On the 21st March a convoy of four merchant ships had set out from Alexandria to bring relief to Malta. Intelligence indicated that the Italian fleet would attempt to attack at some point. The heavy escort of Royal Navy ships was therefore somewhat prepared when on the afternoon of 22nd March 1942 ‘a thin wisp of smoke’ appeared on the horizon. Frank Gregory-Smith records that he felt curiously relaxed at this point, even though the next more detailed report suggested they faced three battleships. As a matter of routine they could also expect to come under air attack from both bombers and torpedo bombers.
Vice Admiral Vian had prepared a plan that involved shielding the convoy with some of his force of destroyers, whilst constantly threatening the Italian fleet with a torpedo attack from other destroyers – a plan that very largely succeeded.
Captain Frank Gregory-Smith was on HMS Eridge:
A series of flashes in the smoke followed by a dull, rumbling boom announced the opening of the surface engagement. As if this was a signal, a formation of torpedo bombers flew into sight, skimming just above the sea. Simultaneously an even larger group of high level bombers were briefly glimpsed through the smoke and clouds on the opposite side of the convoy. Escorts to port and astem of the convoy immediately engaged the high formation, leaving the torpedo bombers to HMS Southwold, HMS Dulverton and HMS Eridge.
The ship shuddered under the opening salvoes and high explosive started to burst around the low flying aircraft. Their crews, obviously surprised by such a heavy concentration from so few ships, promptly split into smaller groups and tried to penetrate the screen on a broader front. Even then gunfire continued to harass them, forcing them into individual units which dropped their torpedoes haphazardly and at such long range that all ships had time to tum towards their tracks, just as bombs from the high formation exploded in a compact mass well astern of the supply ships.
Meanwhile, the two surface forces, exchanging rapid fire as they rolled, twisted and plunged through the heavy seas, were closing at a relative speed of fifty knots. The British were already partially hidden by smoke, which the Italians would have to penetrate if they were to get within range of the supply ships. Just before reaching effective gun range, the Italian Admiral swung his ships to port. To prevent him stealing the weather gauge, the British followed his movements and stretched at high speed eastwards.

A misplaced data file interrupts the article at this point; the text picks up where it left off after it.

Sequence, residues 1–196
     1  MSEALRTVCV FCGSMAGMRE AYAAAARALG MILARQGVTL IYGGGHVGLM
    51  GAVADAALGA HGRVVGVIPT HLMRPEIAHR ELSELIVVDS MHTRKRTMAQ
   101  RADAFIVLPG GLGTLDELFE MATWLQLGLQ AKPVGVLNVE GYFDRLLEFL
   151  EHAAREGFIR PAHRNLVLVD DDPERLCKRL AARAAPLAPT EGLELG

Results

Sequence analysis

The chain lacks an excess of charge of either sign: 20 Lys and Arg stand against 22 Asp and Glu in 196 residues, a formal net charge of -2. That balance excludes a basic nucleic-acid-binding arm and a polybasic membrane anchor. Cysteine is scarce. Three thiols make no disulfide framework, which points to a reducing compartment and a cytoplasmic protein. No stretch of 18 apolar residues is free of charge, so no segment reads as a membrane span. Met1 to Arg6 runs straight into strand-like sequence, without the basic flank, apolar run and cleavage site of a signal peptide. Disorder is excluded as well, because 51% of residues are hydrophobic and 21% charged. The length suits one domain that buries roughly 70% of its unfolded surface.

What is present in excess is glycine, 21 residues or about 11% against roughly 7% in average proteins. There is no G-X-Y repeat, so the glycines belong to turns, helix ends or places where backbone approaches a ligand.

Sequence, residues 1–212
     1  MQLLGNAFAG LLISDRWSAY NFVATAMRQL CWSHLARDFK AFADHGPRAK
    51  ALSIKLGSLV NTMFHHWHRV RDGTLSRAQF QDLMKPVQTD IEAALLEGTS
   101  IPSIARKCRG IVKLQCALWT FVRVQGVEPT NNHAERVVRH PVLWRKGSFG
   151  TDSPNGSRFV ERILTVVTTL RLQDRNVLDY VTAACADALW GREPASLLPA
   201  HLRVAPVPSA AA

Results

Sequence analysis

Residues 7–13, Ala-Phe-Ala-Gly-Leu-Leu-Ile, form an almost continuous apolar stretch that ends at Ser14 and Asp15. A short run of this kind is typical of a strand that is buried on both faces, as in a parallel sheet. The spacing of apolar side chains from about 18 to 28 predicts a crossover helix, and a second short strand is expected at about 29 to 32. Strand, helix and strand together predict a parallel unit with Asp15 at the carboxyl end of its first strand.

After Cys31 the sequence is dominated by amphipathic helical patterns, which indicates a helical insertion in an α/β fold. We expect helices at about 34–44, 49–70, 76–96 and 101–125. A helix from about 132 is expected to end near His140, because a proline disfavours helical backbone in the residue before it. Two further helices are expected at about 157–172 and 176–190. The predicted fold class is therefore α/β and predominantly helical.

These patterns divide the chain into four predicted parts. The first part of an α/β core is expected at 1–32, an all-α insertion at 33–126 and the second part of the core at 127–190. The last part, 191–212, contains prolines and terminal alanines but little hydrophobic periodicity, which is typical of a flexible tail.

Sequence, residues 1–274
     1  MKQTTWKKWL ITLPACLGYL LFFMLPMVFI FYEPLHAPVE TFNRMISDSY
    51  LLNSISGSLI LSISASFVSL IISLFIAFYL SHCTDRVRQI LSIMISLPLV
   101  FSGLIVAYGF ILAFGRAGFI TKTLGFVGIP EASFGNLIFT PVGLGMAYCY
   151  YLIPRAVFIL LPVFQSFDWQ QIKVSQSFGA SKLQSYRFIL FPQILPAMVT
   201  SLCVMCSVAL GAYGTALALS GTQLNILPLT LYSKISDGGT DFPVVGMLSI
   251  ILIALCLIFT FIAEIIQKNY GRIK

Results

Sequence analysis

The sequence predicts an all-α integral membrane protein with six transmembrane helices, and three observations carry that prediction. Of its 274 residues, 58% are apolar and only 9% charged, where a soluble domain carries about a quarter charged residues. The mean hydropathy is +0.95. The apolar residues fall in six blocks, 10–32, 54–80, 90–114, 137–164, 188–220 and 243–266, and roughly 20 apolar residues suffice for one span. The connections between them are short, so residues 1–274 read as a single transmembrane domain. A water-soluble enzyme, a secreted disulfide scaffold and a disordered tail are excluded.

On this course, British smoke drifted rapidly to leeward and, when its outer fringes reached the Italians, their Admiral, fearing a torpedo attack, edged his ships further to port. But the smoke still thickened around his ships, harassing them until the Italian Admiral suddenly lost his nerve and swung his cruisers, followed by a division of destroyers which had unexpectedly appeared astem, in a broad sweep to the northward. Rear Admiral Vian held on until satisfied that the enemy
was definitely retiring and then turned towards the convoy; some twenty miles to the south-westward.
It was not all over. A very short time later another force appeared. Captain Eric Bush was in command of HMS Euryalus:
The enemy, as we know now, was in two groups at this stage, the nearer, about nine miles away, consisting ofthe two eight-inch and one six-inch cruisers and four destroyers we had met before, and the second group, at a distance of fifteen miles, comprising the modern battleship Littorio and four destroyers. We were in for something now, all right! I knew that Admiral Vian would never leave the convoy to its fate, so if needs be we would be fighting to the end.
In the next two hours the fate of our whole force was in the balance. With the powerful ships at his disposal the Italian admiral could easily have wiped us out, but he could not bring himself to enter the smoke-screen knowing that we were waiting for him on the other side
The action became known as the Second Battle of Sirte.